the case for a gift economy
labor should be compensated or reciprocated
In Cape Town, South Africa, a man followed me and two young women friends downtown to demand money. I had made eye contact with him as I exited a store, but I didn’t have money to give to him. I was raised to be polite, and I have male privilege, so eye contact is usually not an invitation for the sexual harassment that femmes, women, and trans folks face. But after about three minutes of following us through the cobblestoned downtown streets, he started to call me a bitch, threaten to fight me, and put a curse on my family. He got in face, and scared all three of us, to be quite honest. That was one of those times where I learned that sometimes it might in fact be better not to make eye contact, particularly when one does not know the standards within a country.
In California, however, I am rarely followed or berated for not giving money. More specifically, Oakland folks who appear houseless are usually chill, whereas Berkeley folks who appear houseless are…something else. I understand the skepticism, however I do not understand how people can be so rude to each other. There are plenty of elders, veterans, and mentally ill folks on the street. But there are also those 23-year-old white men — with whom I’ve spoken — who are choosing another life. Not because they were forced out of the house for being queer or trans, but rather, they choose to be. And whether we can contribute or not, locking eyes with these fellow humans usually just means acknowledging their humanity, not guaranteeing that we can donate money or food.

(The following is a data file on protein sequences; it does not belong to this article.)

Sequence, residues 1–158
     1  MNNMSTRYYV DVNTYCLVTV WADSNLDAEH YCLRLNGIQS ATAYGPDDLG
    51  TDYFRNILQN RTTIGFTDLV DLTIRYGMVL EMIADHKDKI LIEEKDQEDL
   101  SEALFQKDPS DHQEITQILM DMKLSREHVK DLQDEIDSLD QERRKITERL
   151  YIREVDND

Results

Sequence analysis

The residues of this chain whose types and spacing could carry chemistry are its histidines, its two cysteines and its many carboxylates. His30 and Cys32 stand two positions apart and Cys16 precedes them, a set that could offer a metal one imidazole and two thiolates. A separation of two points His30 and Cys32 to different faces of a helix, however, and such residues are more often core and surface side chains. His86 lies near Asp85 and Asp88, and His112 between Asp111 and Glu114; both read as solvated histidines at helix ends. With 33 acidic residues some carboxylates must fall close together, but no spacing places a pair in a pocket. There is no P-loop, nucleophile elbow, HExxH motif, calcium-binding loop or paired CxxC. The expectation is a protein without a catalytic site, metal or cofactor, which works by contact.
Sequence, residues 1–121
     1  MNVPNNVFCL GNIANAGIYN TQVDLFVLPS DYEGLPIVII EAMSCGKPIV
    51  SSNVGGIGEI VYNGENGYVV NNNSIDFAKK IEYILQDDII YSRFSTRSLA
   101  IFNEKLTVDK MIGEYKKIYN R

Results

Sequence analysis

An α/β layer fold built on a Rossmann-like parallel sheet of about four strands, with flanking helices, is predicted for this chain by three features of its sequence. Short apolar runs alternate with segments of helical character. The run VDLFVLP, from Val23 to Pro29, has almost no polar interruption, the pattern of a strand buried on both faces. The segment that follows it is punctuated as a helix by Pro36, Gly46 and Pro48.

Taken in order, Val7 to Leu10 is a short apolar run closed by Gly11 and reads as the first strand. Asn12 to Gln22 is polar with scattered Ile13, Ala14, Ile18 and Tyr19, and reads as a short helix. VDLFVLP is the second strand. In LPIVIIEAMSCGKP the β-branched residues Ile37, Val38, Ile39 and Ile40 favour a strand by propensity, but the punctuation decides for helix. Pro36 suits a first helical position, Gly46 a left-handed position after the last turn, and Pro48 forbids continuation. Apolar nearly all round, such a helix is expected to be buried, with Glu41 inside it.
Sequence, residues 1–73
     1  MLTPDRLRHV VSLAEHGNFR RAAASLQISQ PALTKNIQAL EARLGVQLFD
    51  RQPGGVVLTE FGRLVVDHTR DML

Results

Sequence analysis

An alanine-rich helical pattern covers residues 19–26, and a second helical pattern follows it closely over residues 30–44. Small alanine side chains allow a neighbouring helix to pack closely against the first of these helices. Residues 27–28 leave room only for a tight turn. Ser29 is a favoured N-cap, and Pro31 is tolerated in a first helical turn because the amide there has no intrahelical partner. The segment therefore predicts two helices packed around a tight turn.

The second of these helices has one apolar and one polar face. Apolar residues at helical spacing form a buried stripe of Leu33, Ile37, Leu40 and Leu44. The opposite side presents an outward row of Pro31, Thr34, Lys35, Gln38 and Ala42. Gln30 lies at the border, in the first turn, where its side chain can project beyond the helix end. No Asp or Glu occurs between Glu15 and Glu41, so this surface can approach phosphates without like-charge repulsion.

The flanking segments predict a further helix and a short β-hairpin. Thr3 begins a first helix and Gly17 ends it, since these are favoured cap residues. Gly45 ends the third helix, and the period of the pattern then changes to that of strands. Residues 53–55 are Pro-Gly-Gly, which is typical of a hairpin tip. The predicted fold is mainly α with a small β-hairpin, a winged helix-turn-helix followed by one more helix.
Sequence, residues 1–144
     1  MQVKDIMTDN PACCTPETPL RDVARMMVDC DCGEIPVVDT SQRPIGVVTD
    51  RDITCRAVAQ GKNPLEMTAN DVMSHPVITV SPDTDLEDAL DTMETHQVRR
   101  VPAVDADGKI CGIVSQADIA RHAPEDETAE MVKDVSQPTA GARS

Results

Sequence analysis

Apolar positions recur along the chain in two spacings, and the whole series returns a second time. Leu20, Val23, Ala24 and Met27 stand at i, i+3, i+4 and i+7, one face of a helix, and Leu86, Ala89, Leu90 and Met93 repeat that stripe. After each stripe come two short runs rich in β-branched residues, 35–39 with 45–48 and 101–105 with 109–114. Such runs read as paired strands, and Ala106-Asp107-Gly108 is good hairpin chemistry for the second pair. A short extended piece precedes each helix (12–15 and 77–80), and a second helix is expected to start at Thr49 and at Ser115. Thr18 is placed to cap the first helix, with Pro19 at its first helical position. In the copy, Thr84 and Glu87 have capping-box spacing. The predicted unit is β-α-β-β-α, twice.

I observe how people respond to strangers on the street when they ask for money. Local rules of the city, country, and the continent determine the specifics, but the basic “rule” is don’t make eye contact. People seem to think that if we don’t see that person, we don’t have to give them anything, and then we don’t have to feel bad. But one of the most common things I hear from folks — sometimes elders, sometimes my own age — is: “why are people always asking for money?” They’re not usually talking about people on the street anymore, though, they’re talking about their friends and family.